RARE Daily

Janssen Says Phase 2 Data in Small Study Demonstrate Potential Benefit of Therapy in HDFN

June 26, 2023

Rare Daily Staff

The Janssen Pharmaceutical Companies reported positive results from its phase 2, proof-of-concept, open-label trial for the treatment of pregnant individuals at high risk of early-onset severe hemolytic disease of the fetus and newborn.

The study showed a statistically significant (54 percent) proportion of 13 participants who received nipocalimab achieved the primary endpoint of a live birth at or after gestational age of 32 weeks without intrauterine transfusions. That compares to the historic reference point of 10 percent, which was derived from published and unpublished data. In the UNITY clinical trial, 12 of 13 participants experienced a live birth.

Among the seven participants who achieved the primary endpoint, the median gestational age at delivery was 37 and 1/7 weeks. The study, the company said, demonstrates the potential for nipocalimab to help address the underlying disease mechanism of high risk of early-onset severe (EOS) hemolytic disease of the fetus and newborn (HDFN). The results were presented at the Fetal Medicine Foundation World Congress in Valencia, Spain on June 26, 2023.

HDFN is a rare disease where maternal alloantibodies produced in a pregnant person’s immune system cross the placenta and attack fetal red blood cells—causing fetal red blood cell hemolysis, leading to anemia. The symptoms of HDFN can range from mild to life threatening. Some cases can involve neonatal jaundice or hyperbilirubinemia and severe cases can result in life-threatening fetal anemia requiring intervention to prevent development of fetal hydrops. With every pregnancy with an antigen-positive fetus, disease severity increases with an earlier gestational age of HDFN onset due to repeated alloimmunization. There are currently no approved non-surgical interventions for pregnancies at high risk of EOS HDFN in the United States. Pregnancies affected by severe HDFN may necessitate repeated IUTs, invasive and complex surgical procedures performed by specialists at specialized medical centers.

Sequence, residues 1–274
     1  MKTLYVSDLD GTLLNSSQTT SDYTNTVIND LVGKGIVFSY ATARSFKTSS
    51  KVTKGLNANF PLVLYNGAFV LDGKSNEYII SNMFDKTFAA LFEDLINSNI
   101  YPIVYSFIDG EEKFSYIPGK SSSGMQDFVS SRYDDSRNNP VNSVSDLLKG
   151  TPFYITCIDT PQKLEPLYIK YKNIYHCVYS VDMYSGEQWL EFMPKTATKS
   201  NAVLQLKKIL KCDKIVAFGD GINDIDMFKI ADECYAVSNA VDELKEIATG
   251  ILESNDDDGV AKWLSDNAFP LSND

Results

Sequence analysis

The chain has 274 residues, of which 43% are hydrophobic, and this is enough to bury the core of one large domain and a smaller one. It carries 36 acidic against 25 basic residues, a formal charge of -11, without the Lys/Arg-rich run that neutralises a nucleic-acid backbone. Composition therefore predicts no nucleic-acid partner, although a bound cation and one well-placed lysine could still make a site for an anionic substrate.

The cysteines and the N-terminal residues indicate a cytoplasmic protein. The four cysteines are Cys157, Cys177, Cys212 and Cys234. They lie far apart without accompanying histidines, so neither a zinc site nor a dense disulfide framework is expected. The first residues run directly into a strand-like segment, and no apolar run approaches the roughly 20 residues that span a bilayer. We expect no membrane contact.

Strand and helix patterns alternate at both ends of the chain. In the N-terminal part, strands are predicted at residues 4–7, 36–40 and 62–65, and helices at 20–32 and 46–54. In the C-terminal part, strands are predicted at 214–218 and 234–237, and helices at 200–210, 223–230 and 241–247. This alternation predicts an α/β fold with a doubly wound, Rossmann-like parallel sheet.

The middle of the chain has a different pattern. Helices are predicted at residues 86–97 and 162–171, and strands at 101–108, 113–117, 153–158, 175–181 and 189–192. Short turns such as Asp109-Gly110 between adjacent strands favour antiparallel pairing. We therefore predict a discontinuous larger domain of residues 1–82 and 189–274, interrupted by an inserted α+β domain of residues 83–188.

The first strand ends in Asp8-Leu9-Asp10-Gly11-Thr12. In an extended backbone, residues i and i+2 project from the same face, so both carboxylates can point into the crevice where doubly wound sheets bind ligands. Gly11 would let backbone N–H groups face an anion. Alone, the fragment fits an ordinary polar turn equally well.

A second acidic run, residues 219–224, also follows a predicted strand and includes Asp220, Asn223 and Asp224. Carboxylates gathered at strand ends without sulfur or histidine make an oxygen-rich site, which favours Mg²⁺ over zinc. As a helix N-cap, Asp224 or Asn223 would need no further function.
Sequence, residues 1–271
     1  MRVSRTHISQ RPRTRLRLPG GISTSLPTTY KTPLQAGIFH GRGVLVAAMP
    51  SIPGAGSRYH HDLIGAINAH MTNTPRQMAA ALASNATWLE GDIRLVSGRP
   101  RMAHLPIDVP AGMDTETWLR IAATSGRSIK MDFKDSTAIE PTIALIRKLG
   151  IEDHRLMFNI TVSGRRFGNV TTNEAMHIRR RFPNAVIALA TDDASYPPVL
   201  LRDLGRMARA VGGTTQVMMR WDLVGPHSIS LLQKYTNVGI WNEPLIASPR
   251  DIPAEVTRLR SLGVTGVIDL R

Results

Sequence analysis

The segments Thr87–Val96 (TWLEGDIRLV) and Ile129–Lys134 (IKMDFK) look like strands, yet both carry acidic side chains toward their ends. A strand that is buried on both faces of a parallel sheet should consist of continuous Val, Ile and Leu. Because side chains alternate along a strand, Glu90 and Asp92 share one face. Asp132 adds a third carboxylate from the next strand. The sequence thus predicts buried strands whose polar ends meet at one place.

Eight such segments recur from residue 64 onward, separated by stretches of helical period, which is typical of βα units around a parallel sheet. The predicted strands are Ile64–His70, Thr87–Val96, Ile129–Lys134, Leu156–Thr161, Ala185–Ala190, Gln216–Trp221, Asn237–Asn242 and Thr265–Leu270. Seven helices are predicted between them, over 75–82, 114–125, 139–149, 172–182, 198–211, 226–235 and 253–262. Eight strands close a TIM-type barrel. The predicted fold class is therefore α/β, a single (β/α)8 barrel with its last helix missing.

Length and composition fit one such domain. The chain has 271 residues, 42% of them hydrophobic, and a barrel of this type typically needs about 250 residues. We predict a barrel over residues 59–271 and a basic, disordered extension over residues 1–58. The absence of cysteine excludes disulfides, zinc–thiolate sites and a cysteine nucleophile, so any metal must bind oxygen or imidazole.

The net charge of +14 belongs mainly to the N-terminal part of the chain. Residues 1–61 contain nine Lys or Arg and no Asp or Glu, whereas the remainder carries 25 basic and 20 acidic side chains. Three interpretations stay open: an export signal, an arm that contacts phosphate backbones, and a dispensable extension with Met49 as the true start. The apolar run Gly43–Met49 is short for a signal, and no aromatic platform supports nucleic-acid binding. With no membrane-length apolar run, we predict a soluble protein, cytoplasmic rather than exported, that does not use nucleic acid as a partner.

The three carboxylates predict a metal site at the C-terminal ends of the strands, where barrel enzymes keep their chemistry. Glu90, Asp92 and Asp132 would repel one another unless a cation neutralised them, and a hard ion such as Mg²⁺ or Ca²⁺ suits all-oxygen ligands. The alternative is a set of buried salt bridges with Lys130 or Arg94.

Nipocalimab was generally well tolerated across all the dose groups studied in pregnant individuals at high risk for EOS HDFN. One pregnancy resulted in fetal demise due to complications following an IUT performed at gestational age 22 and 5/7 weeks. These complications were considered unrelated to nipocalimab. There were no maternal or infant deaths. The most frequently reported adverse events were events that are not uncommonly reported in pregnancy or underlying HDFN.

Nipocalimab is an experimental, fully human, monoclonal antibody that is believed to selectively block the FcRn to reduce levels of circulating IgG antibodies, including autoantibodies and alloantibodies that underlie multiple conditions. Nipocalimab is the only anti-FcRn being studied across three key segments in the autoantibody space: maternal-fetal diseases mediated by maternal alloantibodies, rare autoantibody diseases, and prevalent rheumatological diseases. Blockade of FcRn by nipocalimab has the potential to reduce overall autoantibody levels while maintaining immune function. FcRn blockade is also believed to prevent placental transfer of maternal alloantibodies to the fetus.

The U.S. Food and Drug Administration granted Nipocalimab Fast Track designation in July 2019 and Orphan Drug designation in June 2020. The European Medicines Agency granted Nipocalimab Orphan Medicinal Product designation in October 2019 for the prevention of HDFN.

Janssen is planning a pivotal Phase 3 trial for nipocalimab in pregnancies at risk for severe HDFN.

“There is a significant unmet need to help address the serious and life-threatening health consequences of HDFN. Our aspiration is to transform the existing paradigm for families who endure the consequences of HDFN by seeking approval of a targeted and effective therapy,” said Katie Abouzahr, vice president of Autoantibody Portfolio and Maternal Fetal Disease Area Leader for Janssen Research and Development. “These phase 2 UNITY data in high-risk pregnancies demonstrated the important role that nipocalimab, an FcRn blocking antibody, may play in preventing the transfer of maternal alloantibodies through the placenta, thereby offering a potential treatment option for this devastating disease.”

Photo: Katie Abouzahr, vice president of Autoantibody Portfolio and Maternal Fetal Disease Area Leader for Janssen Research and Development

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